@rungdg: How is it that there are no women’s fights on UFC226? Biggest card of the year. Not even on the prelims. Bellator 201 features 2 women’s fights on the main card. Seems strange...
Well, there is a women’s strawweight bout between Jamie Moyle and Emily Whitmire on the Fight Pass prelims. Either way, I wouldn’t read too much into this one. Cris Cyborg fought three times in seven months and took a well-deserved break. Amanda Nunes just defended her bout at UFC 224, a main card with two women’s fights. Rose Namajunas is still on the shelf after injuries sustained at UFC 223 a card with two women’s fights; Holly Holm fought at UFC 224, which also had a great fight between Claudia Gadelha and Carla Esparza.
The overriding point here is that sometimes, there isn’t a conspiracy, this is just how the ball bounces, just like Bellator 201 getting two women’s main card fights, while great, isn’t an every day thing, either.
@chjobin: Is it time for the UFC to make tournaments so rankings actually matter? Or at least show some kind of value to those numbers? Otherwise, being #1 contender doesn’t mean anything.
You know, tournaments aren’t a bad idea. I know that UFC frowns on them -- the four-man tournament which crowned Demetrious Johnson the first (and to this date only) UFC flyweight champ back in 2012 was the only one they’ve done in recent years (we’re not counting TUF here).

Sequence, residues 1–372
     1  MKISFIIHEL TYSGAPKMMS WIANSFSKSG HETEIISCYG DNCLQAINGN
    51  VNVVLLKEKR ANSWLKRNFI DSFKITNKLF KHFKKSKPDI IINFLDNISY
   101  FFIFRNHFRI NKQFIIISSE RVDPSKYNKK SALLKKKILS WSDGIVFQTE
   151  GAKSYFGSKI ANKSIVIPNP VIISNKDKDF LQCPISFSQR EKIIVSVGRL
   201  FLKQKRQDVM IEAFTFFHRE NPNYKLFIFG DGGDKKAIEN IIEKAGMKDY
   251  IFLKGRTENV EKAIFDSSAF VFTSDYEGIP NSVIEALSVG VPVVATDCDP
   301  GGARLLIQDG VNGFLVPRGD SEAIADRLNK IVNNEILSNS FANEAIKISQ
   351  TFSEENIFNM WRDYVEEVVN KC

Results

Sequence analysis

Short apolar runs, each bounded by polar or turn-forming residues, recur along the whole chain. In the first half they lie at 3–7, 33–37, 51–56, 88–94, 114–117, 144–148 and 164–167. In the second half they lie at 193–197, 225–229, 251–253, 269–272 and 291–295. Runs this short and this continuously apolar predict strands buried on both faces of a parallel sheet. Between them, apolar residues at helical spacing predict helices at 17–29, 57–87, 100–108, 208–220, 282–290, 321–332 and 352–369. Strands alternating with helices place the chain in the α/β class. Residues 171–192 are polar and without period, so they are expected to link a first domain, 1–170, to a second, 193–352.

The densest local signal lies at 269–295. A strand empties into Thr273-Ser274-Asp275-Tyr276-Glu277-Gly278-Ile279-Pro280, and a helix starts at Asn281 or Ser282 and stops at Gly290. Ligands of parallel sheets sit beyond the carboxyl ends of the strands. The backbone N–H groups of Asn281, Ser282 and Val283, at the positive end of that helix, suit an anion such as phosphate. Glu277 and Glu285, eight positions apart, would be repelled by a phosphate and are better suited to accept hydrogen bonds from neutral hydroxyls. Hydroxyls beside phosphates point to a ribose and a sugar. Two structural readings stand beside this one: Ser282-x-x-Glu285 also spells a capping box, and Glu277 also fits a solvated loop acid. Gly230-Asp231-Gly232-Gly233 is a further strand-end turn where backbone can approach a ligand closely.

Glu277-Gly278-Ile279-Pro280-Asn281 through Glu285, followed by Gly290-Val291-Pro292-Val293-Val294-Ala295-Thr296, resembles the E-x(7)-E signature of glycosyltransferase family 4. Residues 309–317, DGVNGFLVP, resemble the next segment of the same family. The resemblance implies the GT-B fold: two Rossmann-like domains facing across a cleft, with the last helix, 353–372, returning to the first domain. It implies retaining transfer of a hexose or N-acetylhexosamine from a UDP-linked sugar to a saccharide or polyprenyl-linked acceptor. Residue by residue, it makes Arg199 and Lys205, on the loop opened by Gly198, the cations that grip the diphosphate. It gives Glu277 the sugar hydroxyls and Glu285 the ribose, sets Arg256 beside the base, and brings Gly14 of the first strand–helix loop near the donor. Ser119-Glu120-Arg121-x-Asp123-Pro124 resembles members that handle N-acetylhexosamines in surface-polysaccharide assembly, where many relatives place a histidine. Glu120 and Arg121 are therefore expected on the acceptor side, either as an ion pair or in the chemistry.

But, I mean, there are all sorts of things the UFC never used to do, but does now in the WME-Endeavor era, so why not give it a whirl? It would be something fresh could bring an interesting new wrinkle to what is otherwise an endless blur of one fight card after another.
That said, I don’t know if a tournament is something not you’d directly tie to the rankings, even though someone winning a four or eight-person tournament would obviously rocket up said ratings. We’ve discovered the UFC is going to do whatever they want anyway, regardless of who is ranked where, and, for that matter, regardless how good or bad the rankings are. But that shouldn’t keep the UFC from trying something new just for its own sake.